Slenderness is the holy grail of the tall building and here in London we are, it seems, destined to never achieve any.
Conventional wisdom lays the blame for this partly at the mouldering door of old St Paul's Cathedral which, from beyond the pre-industrial grave, restricts development of quite large areas of the City so that we can continue to get a good view of the big church.
The fact that it was itself the tallest building in town until 1962 (if Wikipedia is to be believed) says a lot about Londoners' enthusiasm for building high, and the tall buildings we do have tend to be disappointingly squat. Even the new giants (Shard and Heron Tower as well as the still-to-be-built Pinnacle) are not truly slender when compared, for example, with the paradimatic World Trade Centre.
Or, to bring ourselves up to date, the magnificent International Commerce Centre in Hong Kong:
We do of course have the wonderful Barbican towers which look slender from a lot of angles....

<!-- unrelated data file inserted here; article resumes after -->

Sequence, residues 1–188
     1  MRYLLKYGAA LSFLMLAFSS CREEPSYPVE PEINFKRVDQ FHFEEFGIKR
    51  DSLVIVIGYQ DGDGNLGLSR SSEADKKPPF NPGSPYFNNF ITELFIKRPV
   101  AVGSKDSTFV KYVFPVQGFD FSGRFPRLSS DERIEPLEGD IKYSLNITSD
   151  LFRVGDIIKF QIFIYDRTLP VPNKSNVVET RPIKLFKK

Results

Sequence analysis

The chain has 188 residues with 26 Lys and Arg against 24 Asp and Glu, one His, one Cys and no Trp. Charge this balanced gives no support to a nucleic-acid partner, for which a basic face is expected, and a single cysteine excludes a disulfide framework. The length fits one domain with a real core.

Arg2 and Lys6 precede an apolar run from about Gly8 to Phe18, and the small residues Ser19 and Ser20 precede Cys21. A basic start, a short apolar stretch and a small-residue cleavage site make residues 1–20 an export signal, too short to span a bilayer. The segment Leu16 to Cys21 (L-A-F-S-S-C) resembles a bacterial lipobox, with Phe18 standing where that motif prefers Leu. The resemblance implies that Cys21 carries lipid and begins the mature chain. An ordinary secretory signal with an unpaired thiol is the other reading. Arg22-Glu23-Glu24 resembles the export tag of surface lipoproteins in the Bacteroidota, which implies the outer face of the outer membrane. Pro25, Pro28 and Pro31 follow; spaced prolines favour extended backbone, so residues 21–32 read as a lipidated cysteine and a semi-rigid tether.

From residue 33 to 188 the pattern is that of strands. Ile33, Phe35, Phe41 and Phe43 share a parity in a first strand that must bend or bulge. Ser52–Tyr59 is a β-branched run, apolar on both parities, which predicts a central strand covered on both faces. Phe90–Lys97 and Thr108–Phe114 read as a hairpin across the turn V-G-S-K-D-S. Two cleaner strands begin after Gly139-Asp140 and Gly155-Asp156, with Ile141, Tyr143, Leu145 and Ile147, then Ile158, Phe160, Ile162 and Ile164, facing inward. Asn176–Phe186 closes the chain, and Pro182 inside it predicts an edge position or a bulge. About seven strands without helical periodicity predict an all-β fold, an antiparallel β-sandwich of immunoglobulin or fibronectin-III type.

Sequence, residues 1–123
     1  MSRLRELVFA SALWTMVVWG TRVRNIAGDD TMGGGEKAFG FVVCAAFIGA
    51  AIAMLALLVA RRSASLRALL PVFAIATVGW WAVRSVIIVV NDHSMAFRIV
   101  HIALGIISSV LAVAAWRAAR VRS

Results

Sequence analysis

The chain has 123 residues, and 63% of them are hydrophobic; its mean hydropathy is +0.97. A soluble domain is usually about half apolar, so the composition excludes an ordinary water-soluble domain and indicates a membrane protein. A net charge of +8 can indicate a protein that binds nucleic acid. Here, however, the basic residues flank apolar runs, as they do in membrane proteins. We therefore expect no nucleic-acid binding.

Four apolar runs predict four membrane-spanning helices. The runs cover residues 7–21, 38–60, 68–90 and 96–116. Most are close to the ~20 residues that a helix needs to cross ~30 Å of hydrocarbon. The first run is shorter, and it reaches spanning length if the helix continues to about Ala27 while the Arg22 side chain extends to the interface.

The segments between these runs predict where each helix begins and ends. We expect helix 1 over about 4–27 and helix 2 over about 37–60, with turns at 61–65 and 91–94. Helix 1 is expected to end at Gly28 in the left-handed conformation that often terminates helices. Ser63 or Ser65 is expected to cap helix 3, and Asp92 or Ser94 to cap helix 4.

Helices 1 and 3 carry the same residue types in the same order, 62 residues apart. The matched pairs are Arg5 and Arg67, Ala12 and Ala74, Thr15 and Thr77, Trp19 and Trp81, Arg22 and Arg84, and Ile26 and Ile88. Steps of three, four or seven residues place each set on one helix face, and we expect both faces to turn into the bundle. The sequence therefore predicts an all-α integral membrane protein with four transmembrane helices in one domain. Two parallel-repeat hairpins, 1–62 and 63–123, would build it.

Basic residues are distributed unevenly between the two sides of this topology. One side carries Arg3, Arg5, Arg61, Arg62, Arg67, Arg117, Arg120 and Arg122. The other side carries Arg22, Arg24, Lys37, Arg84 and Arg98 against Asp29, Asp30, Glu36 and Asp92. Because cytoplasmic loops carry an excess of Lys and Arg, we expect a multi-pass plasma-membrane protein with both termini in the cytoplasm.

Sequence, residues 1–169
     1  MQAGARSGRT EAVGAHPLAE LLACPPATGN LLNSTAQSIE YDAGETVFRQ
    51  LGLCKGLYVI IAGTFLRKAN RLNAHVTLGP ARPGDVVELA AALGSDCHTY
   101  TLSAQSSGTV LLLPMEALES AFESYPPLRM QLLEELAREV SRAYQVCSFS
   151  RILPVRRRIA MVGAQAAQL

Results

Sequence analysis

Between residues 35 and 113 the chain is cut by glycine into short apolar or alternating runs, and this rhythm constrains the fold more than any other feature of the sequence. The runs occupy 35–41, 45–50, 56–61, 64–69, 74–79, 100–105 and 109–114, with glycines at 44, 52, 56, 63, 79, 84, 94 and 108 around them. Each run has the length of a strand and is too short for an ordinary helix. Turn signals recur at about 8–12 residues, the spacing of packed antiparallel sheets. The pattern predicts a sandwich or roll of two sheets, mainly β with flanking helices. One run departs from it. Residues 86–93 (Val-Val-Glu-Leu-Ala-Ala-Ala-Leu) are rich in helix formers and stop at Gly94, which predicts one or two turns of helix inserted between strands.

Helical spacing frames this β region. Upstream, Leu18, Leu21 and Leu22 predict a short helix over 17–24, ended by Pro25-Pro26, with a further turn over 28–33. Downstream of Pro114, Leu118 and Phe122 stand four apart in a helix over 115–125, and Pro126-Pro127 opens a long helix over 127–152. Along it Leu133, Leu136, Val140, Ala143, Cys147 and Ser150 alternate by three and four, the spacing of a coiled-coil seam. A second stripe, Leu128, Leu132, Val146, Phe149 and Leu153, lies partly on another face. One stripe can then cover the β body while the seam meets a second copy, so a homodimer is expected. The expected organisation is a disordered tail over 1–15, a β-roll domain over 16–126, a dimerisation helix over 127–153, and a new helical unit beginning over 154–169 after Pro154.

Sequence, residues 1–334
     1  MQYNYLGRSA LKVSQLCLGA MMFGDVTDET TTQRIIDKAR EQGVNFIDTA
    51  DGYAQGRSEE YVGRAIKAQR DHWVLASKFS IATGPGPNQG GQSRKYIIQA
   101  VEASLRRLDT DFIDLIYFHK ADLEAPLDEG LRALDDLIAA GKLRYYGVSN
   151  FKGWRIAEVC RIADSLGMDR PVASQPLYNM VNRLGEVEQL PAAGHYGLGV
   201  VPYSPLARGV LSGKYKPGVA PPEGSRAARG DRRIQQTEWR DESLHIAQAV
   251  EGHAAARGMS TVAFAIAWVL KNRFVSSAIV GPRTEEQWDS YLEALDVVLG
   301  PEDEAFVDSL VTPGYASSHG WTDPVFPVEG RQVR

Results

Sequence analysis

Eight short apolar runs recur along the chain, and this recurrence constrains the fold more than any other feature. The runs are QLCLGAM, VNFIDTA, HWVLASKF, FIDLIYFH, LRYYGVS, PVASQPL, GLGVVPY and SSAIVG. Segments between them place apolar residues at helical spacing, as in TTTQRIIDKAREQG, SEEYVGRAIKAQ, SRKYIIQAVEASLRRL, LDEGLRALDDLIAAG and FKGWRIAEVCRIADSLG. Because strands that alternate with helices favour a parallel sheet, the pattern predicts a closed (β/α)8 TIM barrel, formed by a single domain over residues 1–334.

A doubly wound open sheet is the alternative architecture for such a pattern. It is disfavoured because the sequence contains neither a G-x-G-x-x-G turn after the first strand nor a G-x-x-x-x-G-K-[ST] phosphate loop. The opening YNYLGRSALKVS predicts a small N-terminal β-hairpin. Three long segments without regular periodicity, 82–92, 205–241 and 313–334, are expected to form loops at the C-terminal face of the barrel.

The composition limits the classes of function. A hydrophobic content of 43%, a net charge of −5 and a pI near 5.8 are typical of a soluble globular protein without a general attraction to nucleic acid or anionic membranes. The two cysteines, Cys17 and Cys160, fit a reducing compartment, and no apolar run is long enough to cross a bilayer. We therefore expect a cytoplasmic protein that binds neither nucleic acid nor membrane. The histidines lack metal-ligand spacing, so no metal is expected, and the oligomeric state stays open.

I'd never really thought how aptly named the Barbican is and how well the martial, medieval association suits Brutalism generally. In their relative isolation on the skyline the three towers are somewhat sentinel like.
The Natwest Tower also has it going on...
A Richard Seifert building properly known as Tower 42 completed in 1980.
Centre Point, also by Seifert which looks pretty slender from one angle only.
Being brave and selfless folk, architects have come up with ingenious ways to make a squattie look more slender...the Euston Tower for example disguises it's big fat footprint by presenting as a series of conjoined slimmies.
Cesar Pelli could only facet the corners of the irretrievably stocky One Canada Square:
At 235m it is tall. Just doesn't look it. To the right is Foster's 8 Canada Square.
10 Upper Bank Street (by KPF, architects of ICC in Hong Kong) is really a fat tomb-stone but looks nice and skinny from the side.
And saving the tallest (completed building) until last:
The Heron Tower, completed 2011, 242m high, architect Kohn Pederson Fox (again).